the same group of stations). This may indicate that the financial
situation for those stations that have submitted annual reports for
the last two financial periods has remained relatively stable.
1.14 When compared to previous years, the proportion of income from
specified sources appears relatively similar. The most significant
type of income for the sector is grant funding, which accounts for
37% of the total. Income from on-air advertising or sponsorship
accounted for around 21% of total income across the sector. 23% of
stations submitting financial returns did not take income from
advertising and sponsorship in this reporting period. Of these 37
stations, 25 chose not to take this type of income as a matter of
choice or policy. The remaining 12 stations were prohibited under
their licence from doing so.
1.15 Public sources of funding accounted for 25% of the total sector
income. Local authorities accounted for around 13% of the sector's
total income. 8% of income came from other public bodies such as the
Arts Council, health providers, educational establishments and
various national lottery award schemes.
1.16 The Community Radio Fund, which is administered by Ofcom on
behalf of the Department for Culture, Media and Sport, accounted for
£321,500 (around 3% of the sector's total reported income). The
Community Radio Fund continues to be the largest single source of
income for the sector.
1.17 Community radio stations, on average, are spending slightly
more than their income. Stations cost, on average, around £64,500 to
run. This has declined by 13% compared to the previous reporting
period. The median expenditure for this reporting period has dropped
to £40,000 compared to £52,000 the 2009/10 period.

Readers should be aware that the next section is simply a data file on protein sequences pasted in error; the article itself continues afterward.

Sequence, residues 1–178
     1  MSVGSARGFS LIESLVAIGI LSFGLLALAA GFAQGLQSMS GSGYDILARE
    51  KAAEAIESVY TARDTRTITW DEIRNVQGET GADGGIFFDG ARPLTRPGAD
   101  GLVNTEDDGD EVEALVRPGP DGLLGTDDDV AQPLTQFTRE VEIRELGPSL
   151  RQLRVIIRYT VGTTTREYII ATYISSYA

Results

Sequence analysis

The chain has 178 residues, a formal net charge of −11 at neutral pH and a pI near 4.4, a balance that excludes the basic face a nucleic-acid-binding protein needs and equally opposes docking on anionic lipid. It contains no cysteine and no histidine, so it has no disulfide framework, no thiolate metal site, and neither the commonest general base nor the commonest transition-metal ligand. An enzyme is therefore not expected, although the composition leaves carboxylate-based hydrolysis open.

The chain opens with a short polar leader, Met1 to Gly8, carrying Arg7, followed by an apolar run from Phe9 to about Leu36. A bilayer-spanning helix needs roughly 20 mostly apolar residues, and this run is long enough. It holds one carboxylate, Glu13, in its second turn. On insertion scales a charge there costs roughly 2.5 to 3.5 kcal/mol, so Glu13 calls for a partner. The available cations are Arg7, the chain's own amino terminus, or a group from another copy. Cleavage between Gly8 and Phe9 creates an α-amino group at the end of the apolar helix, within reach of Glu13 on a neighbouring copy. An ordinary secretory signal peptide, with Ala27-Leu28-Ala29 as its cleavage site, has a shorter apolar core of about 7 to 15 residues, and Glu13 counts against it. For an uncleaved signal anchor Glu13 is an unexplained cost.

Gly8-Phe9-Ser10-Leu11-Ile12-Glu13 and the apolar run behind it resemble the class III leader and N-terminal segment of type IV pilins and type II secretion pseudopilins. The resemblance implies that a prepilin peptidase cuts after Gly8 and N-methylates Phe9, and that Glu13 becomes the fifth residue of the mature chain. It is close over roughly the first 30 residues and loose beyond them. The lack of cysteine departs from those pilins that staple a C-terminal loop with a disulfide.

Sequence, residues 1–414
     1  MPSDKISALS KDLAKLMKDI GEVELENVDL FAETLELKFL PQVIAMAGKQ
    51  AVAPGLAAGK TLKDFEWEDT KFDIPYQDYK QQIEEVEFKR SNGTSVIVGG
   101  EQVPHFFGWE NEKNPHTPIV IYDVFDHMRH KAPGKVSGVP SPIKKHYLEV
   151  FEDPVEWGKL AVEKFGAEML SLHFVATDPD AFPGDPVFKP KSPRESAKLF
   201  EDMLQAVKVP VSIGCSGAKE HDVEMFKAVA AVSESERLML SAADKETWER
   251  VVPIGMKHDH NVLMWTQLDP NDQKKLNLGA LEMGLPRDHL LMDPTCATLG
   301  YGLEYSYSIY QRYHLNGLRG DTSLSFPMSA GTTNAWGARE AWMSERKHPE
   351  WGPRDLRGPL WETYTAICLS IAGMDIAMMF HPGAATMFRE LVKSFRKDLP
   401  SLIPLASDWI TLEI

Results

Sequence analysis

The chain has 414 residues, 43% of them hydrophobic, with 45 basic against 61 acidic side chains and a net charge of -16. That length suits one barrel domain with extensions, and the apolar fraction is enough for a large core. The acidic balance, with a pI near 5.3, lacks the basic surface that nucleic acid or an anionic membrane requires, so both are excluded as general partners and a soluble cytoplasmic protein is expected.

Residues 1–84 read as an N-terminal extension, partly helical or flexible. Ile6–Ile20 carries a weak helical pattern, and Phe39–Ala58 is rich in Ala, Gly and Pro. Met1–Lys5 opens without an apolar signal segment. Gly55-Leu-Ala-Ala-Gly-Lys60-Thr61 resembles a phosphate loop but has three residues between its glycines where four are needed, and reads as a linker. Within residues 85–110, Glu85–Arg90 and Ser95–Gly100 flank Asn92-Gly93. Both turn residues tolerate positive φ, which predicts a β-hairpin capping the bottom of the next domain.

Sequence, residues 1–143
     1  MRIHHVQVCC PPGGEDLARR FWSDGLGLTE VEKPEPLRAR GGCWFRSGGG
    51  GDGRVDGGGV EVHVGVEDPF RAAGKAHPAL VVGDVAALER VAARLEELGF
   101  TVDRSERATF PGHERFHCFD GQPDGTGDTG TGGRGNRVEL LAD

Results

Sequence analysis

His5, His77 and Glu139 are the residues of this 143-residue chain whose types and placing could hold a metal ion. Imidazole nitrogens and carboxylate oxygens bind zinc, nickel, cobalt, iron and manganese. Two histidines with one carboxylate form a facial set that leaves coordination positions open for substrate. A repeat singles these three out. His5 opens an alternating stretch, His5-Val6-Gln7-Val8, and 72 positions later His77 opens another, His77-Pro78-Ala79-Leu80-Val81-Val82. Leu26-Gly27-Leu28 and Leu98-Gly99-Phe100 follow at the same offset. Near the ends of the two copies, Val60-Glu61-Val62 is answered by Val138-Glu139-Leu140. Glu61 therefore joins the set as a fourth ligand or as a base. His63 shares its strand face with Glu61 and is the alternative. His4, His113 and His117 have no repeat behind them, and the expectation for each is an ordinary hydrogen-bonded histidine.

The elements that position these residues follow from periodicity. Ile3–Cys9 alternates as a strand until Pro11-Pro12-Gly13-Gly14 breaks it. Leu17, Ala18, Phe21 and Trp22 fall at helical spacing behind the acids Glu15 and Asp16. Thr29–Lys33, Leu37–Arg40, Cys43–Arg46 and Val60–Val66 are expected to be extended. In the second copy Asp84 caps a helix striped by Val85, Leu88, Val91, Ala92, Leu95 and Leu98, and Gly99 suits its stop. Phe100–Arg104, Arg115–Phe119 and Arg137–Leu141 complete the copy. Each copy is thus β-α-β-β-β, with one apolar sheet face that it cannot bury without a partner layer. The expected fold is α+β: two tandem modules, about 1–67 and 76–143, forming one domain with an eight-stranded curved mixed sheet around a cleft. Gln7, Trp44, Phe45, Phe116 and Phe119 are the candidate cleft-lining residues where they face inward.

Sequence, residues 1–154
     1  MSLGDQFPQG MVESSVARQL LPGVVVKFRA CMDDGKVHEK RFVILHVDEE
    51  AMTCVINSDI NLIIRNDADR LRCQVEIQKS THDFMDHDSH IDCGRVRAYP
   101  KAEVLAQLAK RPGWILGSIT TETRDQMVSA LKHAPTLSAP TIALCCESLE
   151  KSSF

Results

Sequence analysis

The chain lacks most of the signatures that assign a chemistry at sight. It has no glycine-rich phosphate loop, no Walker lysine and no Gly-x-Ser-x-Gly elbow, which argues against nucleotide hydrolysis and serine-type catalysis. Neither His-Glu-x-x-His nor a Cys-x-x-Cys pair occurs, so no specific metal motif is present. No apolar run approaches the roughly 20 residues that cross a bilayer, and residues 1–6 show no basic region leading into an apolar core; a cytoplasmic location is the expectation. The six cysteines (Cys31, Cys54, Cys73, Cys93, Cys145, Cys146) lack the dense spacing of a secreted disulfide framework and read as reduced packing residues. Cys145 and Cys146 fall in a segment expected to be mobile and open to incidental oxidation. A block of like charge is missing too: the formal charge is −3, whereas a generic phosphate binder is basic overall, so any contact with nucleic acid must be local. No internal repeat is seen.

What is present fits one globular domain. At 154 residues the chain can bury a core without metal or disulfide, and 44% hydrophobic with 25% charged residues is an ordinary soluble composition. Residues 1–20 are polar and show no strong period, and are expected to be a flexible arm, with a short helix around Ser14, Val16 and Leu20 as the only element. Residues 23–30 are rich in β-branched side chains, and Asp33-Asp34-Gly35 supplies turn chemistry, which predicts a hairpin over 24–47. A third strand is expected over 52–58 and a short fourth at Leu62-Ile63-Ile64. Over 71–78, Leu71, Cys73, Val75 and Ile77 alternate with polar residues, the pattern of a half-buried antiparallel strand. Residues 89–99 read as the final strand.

1.18 Trend analysis undertaken on the stations which have reported
in each of the last two years (i.e. 2009/10 and 2010/11) indicates
that the average (mean) expenditure for these stations has dropped
by only 0.03% (£72,000 in 2010/11 compared to £74,500 in 2009/10 for
the same group of stations). This analysis gives some insight into
how those stations reporting for two full financial periods have
1.19 The highest cost for community radio stations remains staff
expenditure, which accounted for around 50% of stations' costs.
Premises and technical costs, as in previous years, accounted for
the next most significant outlay.
1.20 Around 44% of stations that returned a financial annual report
were in deficit. Of these 71 stations in deficit, 24% (39 stations)
reported this to be in excess of £10,000 (the highest was £90,000).
At the other end of the scale, one station had a surplus of £75,000.
In most cases, large deficits are being funded by parent
organisations; any surpluses are typically invested in the operation
of the service.
1.21 Community radio stations broadcast live for around 82 hours per
week on average, and, in general, broadcast a further 12 hours per
week of original pre-recorded material. On average around 32% of
daytime output is speech which can feature a wide range of local
organisations and community initiatives.
1.22 Some stations focus on particular genres of music, while those
serving a geographic audience generally broadcast more mainstream
music during daytime programming, moving to specialist output in the
1.23 The average station reports the involvement of around 78
volunteers annually, although there is a wide variation. Together
these volunteers give on average of around 295 hours a week of their
time in total. Time given by volunteers can vary considerably from
an hour or two to over 1,000 hours per week.
1.24 At a cost of just over £10 million pounds, based on the reports
received from stations in this reporting period, community radio in
the UK delivered:
A total of more than 12,500 volunteering opportunities
Over 45,000 volunteer hours each week
Over 15,000 hours of original radio output each week
Output broadcast in a wide range of community languages
1.25 There are now over 190 stations broadcasting and Ofcom
estimates that volunteers contribute close to 250,000 hours a month
to community radio.
1.26 Given that the community radio sector is now relatively mature,
Ofcom does not intend to publish an annual report of this type for
2011/12. However, all relevant stations will still be required to
submit an annual report as part of their demonstration of compliance
with licence and other statutory requirements.
Vice-President, Community Media Forum Europe (CMFE)
E: [log in to unmask] W: http://www.cmfe.eu
CMFE is a network of policy experts, organizations and federations, which aim to support the role of Community Media in Europe.
Registered in Belgium as an International NGO, business n.0822992342
Supported by the EU under the 'Europe for Citizens Programma 2011'